Hot answers tagged

83

If you're willing to pay a bit to avoid hassle, Frankfurt Airport has 5 shower facilities scattered throughout its terminals that can be rented for 6 euros. The stalls aren't exactly luxurious, but they're fully separated, private and kept very clean, so you can change in comfort and take a shower if you feel like it. Most larger airports worldwide offer ...


50

JPatokal gives the answer for FRA, but in every restroom in every US airport there is a handicapped stall, where it is easy to change, and typically two clothing hooks to help you.


48

Given that some airlines even give you a complimentary pyjama when flying in first class I'd say that it would be perfectly legal for you to wear one on the plane regardless of which class you're flying in. Worst case scenario you'll get some looks from other passengers. Go ahead and fly comfortable.


41

Right after security checks (at least in the terminal I used) there were two changing rooms that are probably used for extra security checks. I asked the security staff if I could use it to get changed and their response was "sure, of course" so I went ahead and did. Indeed nobody even seemed to care. The changing room featured a chair, enough space and ...


29

I'll try to address this question impartially despite my strong feelings against Mandatory Hijaab for women (I'm a male, born and raised in Iran who lives in United States now) I'll define the terms first and then will mention what is minimally required by the law. Hijaab (means veil in Arabic) is a religious term. It's definition varies across cultures, ...


22

Yes, you can wear your pajamas during a flight. You might get some strange looks, but there is nothing wrong with wearing them. Other options would be a 'sweat suit' with elastic at the waist and a t-shirt and hoodie for the top.


20

I visited last year. My pure understanding of the law there obviously isn't perfect as an outsider, but the following of the 'law' seemed very rough, women would wear a covering, but sometimes only over the bob of a pony-tail, for example. However, if in a place of business, eg a hotel or restaurant, you'd regularly see proprietors or staff quickly address ...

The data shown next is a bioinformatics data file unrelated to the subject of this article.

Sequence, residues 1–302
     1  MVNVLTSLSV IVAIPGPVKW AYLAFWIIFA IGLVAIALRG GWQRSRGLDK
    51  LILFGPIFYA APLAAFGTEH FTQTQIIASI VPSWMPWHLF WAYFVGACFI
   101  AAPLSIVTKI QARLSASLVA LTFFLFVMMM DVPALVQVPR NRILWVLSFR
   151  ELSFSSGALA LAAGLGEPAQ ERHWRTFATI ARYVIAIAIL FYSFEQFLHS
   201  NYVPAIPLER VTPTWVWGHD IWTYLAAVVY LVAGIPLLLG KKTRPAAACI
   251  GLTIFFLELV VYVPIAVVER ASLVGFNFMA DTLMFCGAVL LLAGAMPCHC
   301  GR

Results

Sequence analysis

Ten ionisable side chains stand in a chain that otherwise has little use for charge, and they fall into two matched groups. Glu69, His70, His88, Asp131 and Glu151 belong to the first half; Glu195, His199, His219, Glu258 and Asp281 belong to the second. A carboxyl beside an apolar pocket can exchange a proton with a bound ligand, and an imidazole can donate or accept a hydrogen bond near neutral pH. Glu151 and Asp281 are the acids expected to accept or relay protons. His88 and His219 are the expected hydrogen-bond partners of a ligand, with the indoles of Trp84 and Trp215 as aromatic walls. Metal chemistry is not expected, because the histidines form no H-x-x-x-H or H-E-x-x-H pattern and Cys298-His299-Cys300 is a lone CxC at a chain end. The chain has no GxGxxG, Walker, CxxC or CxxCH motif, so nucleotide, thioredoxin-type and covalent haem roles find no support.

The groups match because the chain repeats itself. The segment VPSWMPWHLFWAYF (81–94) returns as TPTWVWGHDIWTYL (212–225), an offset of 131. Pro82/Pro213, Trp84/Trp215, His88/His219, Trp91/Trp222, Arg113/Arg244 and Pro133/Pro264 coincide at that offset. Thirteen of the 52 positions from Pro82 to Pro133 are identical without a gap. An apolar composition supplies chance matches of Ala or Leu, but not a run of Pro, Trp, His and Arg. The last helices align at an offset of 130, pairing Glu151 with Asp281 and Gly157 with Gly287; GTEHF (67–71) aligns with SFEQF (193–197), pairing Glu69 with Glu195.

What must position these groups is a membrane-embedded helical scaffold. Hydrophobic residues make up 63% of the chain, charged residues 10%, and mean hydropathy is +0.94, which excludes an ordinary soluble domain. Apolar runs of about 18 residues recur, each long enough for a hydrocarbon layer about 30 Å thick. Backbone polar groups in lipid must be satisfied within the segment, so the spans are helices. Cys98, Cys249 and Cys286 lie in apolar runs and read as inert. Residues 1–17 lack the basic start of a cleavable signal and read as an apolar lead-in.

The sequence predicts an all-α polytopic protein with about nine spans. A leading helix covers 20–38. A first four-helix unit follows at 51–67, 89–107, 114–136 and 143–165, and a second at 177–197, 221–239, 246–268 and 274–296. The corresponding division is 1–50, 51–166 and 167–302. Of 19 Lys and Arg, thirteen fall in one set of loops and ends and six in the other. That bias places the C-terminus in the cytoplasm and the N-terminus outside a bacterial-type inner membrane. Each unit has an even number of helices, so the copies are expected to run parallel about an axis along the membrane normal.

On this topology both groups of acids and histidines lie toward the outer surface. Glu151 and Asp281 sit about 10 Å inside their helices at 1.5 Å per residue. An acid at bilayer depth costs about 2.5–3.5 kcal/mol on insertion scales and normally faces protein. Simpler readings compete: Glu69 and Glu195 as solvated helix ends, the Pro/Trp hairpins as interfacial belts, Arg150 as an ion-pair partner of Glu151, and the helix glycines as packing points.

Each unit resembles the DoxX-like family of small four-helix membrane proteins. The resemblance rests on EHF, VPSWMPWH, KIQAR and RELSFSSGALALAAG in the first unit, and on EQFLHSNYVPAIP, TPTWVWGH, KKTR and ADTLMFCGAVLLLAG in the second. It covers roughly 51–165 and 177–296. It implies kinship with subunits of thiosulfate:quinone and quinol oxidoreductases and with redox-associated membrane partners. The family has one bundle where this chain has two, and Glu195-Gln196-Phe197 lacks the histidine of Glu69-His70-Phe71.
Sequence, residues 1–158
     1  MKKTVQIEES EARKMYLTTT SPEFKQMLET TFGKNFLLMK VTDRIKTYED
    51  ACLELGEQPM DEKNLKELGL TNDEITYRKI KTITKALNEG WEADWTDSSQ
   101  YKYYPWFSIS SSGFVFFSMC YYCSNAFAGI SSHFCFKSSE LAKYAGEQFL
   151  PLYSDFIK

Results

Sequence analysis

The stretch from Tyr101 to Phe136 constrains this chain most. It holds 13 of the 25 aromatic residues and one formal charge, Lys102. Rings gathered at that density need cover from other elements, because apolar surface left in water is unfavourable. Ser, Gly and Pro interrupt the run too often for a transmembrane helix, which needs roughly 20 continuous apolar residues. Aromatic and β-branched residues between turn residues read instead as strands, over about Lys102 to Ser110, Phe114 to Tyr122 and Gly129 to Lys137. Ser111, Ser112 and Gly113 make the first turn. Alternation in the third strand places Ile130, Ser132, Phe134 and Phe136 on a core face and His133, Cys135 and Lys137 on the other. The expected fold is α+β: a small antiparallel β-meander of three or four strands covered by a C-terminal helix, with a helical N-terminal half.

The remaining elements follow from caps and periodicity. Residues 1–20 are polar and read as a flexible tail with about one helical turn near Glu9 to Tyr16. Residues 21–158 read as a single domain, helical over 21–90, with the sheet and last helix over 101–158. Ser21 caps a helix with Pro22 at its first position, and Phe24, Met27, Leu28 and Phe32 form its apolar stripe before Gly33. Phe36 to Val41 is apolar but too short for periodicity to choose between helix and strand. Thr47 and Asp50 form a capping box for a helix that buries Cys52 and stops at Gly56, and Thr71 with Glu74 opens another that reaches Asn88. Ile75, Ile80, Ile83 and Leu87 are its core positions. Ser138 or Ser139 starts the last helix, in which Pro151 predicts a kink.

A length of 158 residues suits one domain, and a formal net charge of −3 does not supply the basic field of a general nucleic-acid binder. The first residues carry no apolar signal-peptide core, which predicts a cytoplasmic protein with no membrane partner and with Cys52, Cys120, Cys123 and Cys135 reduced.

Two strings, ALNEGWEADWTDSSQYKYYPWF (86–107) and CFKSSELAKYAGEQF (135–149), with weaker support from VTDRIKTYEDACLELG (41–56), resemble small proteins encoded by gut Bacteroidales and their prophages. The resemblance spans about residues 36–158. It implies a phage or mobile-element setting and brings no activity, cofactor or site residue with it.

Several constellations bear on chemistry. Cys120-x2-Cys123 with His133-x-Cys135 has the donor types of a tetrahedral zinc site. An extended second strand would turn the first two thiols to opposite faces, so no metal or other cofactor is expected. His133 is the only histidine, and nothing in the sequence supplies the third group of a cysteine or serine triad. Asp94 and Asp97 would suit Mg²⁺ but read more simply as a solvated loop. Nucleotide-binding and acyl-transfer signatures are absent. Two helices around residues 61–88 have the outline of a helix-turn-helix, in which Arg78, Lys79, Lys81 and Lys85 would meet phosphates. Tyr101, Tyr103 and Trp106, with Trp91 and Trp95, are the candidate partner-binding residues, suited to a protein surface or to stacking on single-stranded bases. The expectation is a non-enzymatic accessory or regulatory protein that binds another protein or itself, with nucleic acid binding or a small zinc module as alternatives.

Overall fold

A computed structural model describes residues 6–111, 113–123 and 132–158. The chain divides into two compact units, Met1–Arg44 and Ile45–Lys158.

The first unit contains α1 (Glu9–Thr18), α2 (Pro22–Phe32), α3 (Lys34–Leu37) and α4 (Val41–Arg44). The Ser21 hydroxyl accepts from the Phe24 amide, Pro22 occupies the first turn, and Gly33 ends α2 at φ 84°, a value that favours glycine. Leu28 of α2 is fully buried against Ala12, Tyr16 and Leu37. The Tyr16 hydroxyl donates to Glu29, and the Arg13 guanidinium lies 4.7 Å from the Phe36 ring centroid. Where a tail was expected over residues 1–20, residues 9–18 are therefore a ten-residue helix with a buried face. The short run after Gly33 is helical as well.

20

I think you have covered all the typical reasons; I would also avoid T-Shirts with images of guns, explosives, etc. The link you shared with a woman with very short shorts could be seen by some as underwear. But back in the day, Southwest Airlines in the United States used to have their "Stewardesses" wear hot-pants.


17

That depends on the cultural background of the country you are flying (from and to), and how relatively conservative or liberal the decision maker is. Generally, if it gets you in a good restaurant (in that country), you will have no problems on the airplane. Edit: I should have said 'medium level restaurant', I didn't mean 'upscale', just not 'cheapo' ...


15

Unless you're concerned about your appearance prior to boarding the flight for some reason, I see no reason not to take @cgcampbell's advice. I have to wear a metallic brace for an arthritic knee, so I either wear comfortable shorts, or a pair of (equally comfortable) zip-off pants so I can easily show the brace to security agents (TSA here in the US). I ...


13

I am a Brit that lives in NZ, and I can tell you there is nothing quite like Primark. The closest would be The Warehouse or kMart, (Farmers is more expensive than both, but quality and range is larger). However, these still aren't as cheap, the range is a lot smaller, (given that clothing is only a small part of what they offer) and the quality isn't the ...